• Scammers purchase email lists from businesses. This is far more common since so many customers now share their email address with companies they do business with.
  • Searching Apple store reviews is a common approach scammers take to locate the identity of Apple users who would be likely to fall for these scams.
  • Often, scammers don't waste time "finding" victims. They just purchase mass email lists and send bulk phishing emails to the entire list.

How Do I Avoid Getting Involved in This Scam?

You can steer clear of Apple phishing scammers by keeping your information private. A few other things you can do to protect yourself include:

  • Never click a link in an email you receive from Apple. Instead, log directly into your Apple account to check messages and see if there's an actual issue with your account.
  • If you receive a phone call from Apple tech support claiming there's an issue with your account, hang up and call Apple tech support directly. Confirm that there really is an issue before moving forward.
  • Avoid clicking on any popups you see while browsing the internet, claiming there's an issue with your Apple account. Apple doesn't utilize pop-up warnings to alert you of issues. Usually you'll receive a direct SMS or email from Apple. Even then, never click email links. Log into your account using your browser instead.

I’m Already a Victim. What Should I Do?

If you've made the mistake of clicking on one of those links in a phishing email, there are a few things you should do immediately.

  1. Report the phishing email to Apple. Apple investigates situatoins where scammers are fraudulently sending emails as though they come from Apple. If you're using OS X Mail, you'll need to select Forward As Attachment from the Message menu and send it to reportphishing@apple.com. In Gmail or Yahoo Mail, you'll need to select View raw message and then copy and paste the message into your email to Apple.

    Screenshot of viewing raw message in Yahoo Mail
  2. If you've already provided your Apple ID and password to scammers, immediately visit the Apple ID web page, log in, and reset your password to something else.

    Screenshot of the Apple ID login page
  3. If you've had your Apple account or your bank or credit card accounts broken into, file a complaint with the FBI's Internet Crime Complaint Center (IC3). This will ensure that if the scammer is attempting to defraud a large number of people, the FBI will take notice and hopefully prosecute the scammer.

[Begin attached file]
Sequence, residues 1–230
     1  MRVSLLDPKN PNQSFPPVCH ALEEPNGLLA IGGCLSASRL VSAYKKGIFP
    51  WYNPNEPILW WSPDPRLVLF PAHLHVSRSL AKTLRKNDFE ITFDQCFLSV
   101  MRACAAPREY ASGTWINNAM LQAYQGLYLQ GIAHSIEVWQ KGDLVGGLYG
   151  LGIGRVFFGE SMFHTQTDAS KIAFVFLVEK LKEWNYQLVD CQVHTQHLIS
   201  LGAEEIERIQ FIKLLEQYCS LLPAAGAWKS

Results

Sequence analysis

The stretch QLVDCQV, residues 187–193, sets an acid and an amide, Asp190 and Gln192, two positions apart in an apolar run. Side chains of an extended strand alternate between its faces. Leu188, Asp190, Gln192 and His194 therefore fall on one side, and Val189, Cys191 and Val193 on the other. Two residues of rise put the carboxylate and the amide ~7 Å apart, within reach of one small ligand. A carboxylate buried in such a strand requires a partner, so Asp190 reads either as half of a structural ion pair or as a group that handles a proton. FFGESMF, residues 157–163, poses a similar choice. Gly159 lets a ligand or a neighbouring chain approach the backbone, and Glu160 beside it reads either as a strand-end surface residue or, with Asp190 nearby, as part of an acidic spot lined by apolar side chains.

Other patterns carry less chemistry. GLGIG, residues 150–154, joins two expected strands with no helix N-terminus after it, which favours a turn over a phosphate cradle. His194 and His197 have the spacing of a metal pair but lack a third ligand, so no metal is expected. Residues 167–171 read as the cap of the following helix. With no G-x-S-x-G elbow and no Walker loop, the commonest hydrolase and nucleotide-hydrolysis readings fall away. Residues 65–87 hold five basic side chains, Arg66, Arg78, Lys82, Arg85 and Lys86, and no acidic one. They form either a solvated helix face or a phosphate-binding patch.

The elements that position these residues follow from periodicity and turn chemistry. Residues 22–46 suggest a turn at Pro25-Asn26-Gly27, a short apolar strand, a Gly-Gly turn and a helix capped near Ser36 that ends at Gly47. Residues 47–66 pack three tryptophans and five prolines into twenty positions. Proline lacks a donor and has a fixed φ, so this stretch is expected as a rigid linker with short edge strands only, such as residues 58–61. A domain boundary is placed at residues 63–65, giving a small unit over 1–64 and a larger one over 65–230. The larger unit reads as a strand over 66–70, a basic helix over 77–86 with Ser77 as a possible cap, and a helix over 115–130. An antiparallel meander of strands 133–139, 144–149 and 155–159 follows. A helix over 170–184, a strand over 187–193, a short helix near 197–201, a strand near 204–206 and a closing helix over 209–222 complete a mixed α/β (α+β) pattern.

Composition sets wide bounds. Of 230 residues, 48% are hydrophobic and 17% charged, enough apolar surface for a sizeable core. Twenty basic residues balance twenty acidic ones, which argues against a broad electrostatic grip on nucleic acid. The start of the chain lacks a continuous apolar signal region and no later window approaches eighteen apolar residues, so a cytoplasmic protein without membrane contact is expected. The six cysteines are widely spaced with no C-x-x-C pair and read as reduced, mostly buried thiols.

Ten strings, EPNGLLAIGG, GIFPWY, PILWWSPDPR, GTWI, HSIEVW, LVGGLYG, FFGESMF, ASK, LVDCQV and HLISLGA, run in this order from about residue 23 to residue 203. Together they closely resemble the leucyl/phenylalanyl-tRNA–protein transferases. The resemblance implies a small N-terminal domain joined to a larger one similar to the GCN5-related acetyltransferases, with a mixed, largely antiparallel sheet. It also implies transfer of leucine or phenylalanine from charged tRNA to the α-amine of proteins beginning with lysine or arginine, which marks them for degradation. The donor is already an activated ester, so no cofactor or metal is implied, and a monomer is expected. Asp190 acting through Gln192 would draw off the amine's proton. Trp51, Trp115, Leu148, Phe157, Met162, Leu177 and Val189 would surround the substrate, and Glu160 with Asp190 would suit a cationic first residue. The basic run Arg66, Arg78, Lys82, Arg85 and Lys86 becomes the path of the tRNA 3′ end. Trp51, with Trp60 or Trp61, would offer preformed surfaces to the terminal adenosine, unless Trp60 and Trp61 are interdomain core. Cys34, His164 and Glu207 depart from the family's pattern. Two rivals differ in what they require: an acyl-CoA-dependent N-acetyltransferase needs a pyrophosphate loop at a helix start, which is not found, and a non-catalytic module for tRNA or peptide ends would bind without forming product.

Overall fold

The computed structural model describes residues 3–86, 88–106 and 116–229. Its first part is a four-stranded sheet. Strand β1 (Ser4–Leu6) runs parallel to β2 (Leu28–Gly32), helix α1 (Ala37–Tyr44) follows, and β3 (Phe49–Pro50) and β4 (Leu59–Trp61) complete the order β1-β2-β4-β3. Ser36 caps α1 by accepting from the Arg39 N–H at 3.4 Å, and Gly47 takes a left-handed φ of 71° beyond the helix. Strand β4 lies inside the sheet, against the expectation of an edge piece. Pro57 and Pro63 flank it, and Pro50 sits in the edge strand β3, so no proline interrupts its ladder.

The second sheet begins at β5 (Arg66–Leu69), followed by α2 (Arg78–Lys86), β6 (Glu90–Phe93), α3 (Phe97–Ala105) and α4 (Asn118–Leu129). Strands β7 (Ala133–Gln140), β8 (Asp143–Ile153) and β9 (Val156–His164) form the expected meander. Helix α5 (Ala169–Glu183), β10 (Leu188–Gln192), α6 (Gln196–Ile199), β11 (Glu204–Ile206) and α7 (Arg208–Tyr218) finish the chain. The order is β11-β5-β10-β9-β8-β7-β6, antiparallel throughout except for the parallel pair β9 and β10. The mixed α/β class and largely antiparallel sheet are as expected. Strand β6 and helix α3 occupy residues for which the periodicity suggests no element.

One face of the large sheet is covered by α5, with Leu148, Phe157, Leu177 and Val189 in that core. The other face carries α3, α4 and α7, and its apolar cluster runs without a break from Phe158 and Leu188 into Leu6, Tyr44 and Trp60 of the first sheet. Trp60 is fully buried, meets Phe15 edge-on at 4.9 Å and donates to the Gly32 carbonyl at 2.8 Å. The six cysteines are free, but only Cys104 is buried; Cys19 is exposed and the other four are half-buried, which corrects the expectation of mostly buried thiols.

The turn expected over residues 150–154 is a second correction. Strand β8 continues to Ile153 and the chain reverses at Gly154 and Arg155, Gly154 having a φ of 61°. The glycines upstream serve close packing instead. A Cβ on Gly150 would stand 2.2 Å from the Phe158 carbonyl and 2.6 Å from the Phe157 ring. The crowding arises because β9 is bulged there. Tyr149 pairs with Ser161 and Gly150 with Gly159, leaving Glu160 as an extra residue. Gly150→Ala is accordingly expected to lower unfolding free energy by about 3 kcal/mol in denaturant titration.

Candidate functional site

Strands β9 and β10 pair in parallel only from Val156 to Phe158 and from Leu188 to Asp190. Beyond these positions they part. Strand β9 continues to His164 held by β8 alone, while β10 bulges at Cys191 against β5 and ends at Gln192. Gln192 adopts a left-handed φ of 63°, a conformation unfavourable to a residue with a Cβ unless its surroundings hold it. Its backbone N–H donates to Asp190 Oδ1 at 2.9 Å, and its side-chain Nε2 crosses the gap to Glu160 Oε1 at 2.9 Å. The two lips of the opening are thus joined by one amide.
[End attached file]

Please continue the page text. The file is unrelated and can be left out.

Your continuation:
Screenshot of the FBI's IC3 center
  4. If you haven't already, enable two-factor authentication on your Apple account. This will ensure that even if someone ever gets your password, they still won't be able to get into your account without your cellphone.

How Do I Avoid Being Targeted for Apple Phishing Scams?

Since this scam almost always involves scammers reaching out to you first, protecting yourself from becoming a target is very simple.

  • Keep your email address private. Whether it's signing up for a mailing list or for discount alerts with your favorite business, sharing your main email address is bad news. Use a "junk" email account for those purposes and keep your main email account private.
  • If you receive a call about your Apple account, hang up and call Apple customer support directly to ask them if there is really an issue.
  • Don't provide your phone number. Commercial businesses collect phone numbers for "rewards" and other perks, but many of those businesses sell phone lists for extra revenue. Scammers purchase phone lists for use in their scams.
  • Avoid public reviews. When you review an app in the Apple store, scammers can identify you as an Apple user. If you do feel the need to review an app, do so with a fake name and using your "junk" email account if possible.
  • Never click on any Apple popups on your computer. Apple will never alert you of an issue with your account that way.

While these actions can't guarantee the scammers won't get a hold of your information to contact you, it'll at least reduce the odds significantly.